Nelson to Blenheim
We started the day with sunny, blustery weather in Nelson. Following breakfast, we loaded the car, then walked into town briefly on the recommendation of the desk clerk to see a flea market. We didn’t stay long. Mobs of people, and nothing that grabbed our interest right off.
I stopped into the young lady’s camera shop (some original name like 24 hour photo, I’m afraid I didn’t make a note of it and we are definitely into the early phases of sensory overload). This time I did have the Old Man with me, and she nodded to it. So I showed him off; turns out she is also an owner of a Mamiya C330. Small world.
It also turns out they were sold out of their Provia, so she referred me to yet another shop around the other side of a walk-through mall. I found two rolls there, and bought them both.
On the other hand, I wound up shooting only one roll between Nelson and Blenheim. The first frame is of the Nelson Cathedral, and the second of the hill in the Botanic with the Center of NZ monument (it is easily seen from our hotel). Three and four, we found at an overlook outside of Havelock, on Queen Charlotte Road and getting into the Marlborough Sounds. Most of the remainder I shot at a small spot called Pelorus Bridge, which is one of many one-lane bridges but the only one over the Pelorus River at this particular spot. A little bit of a chasm, still interesting enough to spend five frames.
Frames 10 and 11 are of Shakespeare Bay, right next to Picton. Should one wish to take the car and passenger ferry to Wellington and the North Island, Picton is the point of departure. We turned south, once again riding on Highway One only now from the northern origin (or at least the northern origin on the South Island). A mere 28 kilometers later we pulled into Blenheim about 15:30. Blenheim is another major city here in northern South Island, and yet it is still in rural New Zealand. Nearly all the shops were already closed on this Saturday, although we did find the grocery market still open. Finding the Opawa Lodge B&B (B & C P, hosts, Fenton proprietor) wasn’t difficult.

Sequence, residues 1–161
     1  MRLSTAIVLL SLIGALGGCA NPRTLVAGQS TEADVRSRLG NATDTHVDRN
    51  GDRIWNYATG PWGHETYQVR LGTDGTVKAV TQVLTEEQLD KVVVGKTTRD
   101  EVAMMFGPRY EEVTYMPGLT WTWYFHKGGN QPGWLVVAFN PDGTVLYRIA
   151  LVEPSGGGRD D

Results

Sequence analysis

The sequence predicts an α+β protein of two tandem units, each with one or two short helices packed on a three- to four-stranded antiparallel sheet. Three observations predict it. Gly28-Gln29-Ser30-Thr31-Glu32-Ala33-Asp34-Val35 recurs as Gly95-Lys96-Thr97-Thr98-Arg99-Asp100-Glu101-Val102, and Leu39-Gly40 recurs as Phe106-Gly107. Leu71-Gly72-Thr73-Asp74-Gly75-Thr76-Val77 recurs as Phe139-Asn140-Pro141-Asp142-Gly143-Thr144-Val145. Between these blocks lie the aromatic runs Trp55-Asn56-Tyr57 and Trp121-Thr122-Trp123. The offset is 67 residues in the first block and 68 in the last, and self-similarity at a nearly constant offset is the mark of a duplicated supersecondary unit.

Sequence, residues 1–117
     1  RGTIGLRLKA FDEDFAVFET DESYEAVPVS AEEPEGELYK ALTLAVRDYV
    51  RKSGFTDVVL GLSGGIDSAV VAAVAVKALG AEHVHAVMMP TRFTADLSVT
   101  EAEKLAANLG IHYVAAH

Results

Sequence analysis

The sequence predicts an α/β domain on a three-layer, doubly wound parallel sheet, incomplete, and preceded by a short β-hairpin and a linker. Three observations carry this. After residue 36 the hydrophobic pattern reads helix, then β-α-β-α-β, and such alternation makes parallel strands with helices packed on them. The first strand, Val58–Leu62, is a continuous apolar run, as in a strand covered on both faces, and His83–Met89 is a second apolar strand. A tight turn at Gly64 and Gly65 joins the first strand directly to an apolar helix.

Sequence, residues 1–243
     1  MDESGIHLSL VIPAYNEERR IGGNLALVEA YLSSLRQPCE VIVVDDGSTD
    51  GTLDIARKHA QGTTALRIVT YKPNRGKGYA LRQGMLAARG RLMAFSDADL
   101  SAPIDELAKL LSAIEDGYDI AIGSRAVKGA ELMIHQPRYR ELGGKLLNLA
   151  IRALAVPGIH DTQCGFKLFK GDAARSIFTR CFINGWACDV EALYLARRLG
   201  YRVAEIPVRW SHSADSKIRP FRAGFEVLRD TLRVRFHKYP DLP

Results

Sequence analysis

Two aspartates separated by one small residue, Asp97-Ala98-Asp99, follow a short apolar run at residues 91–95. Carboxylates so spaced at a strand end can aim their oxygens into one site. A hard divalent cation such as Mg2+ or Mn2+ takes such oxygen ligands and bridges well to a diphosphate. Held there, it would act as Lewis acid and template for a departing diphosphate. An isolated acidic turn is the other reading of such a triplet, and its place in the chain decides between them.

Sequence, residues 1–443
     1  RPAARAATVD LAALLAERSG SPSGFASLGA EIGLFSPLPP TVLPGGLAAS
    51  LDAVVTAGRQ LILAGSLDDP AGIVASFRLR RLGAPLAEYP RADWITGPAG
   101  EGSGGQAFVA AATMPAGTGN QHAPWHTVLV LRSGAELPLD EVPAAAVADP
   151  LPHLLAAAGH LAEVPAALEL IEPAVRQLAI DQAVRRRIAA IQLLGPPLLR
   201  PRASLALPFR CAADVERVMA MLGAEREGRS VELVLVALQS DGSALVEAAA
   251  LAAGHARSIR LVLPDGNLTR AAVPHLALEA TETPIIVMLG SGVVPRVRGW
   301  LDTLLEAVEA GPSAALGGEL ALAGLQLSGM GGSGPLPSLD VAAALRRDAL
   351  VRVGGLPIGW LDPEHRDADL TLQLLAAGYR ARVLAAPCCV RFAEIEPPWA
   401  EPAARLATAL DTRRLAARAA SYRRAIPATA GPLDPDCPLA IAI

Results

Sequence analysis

The view from the veranda is quite nice, and so is the sunset as I write this. C tells us that another couple stayed here the weekend right after World Conference, from Denver, Colorado, U.S.A., that are also ‘theatre’ nurses. Small world, though I didn’t recognize the names.
And now it’s time for dinner. Tomorrow, off to Kaikura. However, Herself is quite tired, and now looking forward to being home. We’ve turned the corner on our holiday, physically in Picton and emotionally as well. Tomorrow is also Sunday, and the start of our last week in New Zealand. God willing, we are to fly back to the States on Friday.
I'm surprised I didn't put anything into the note about the arrows. Arrows painted on the road, in traffic lanes, pointing in the direction of travel. We started seeing them approaching Picton, and again between Picton and Blenheim. Both of us felt quite amused by them, though also impressed to see them. I mean, quite obviously (in one manner) there arrows are Messages: Bloody Stupid Yanks, Drive This Way. We'd been on the road for a shade over a week now, and with two exceptions, both involving road work and road crews, managed quite readily to stay on the proper side of the road.
Proper side, mind you, is pretty easily defined as the side where one won't run head-first into anyone else.
As I recall, south of Blenheim we didn't see any more arrows, until we got closer to Chch again. Then, on the northern approach on Highway 1, we found these arrows once more. We racked our memories, yet could not recall seeing such arrows on the drive south.
I suspect most Yanks get sent counter-clockwise around South Island when they come in for a driving tour.
I also remember at the time feeling quite a bit of humour over the sign on the Pelorus Bridge, as seen in the photograph. New Zealand is the origin home of bungee jumping, and I could see that spot being someplace someone earned a Darwin Award for trying a bungee jump.
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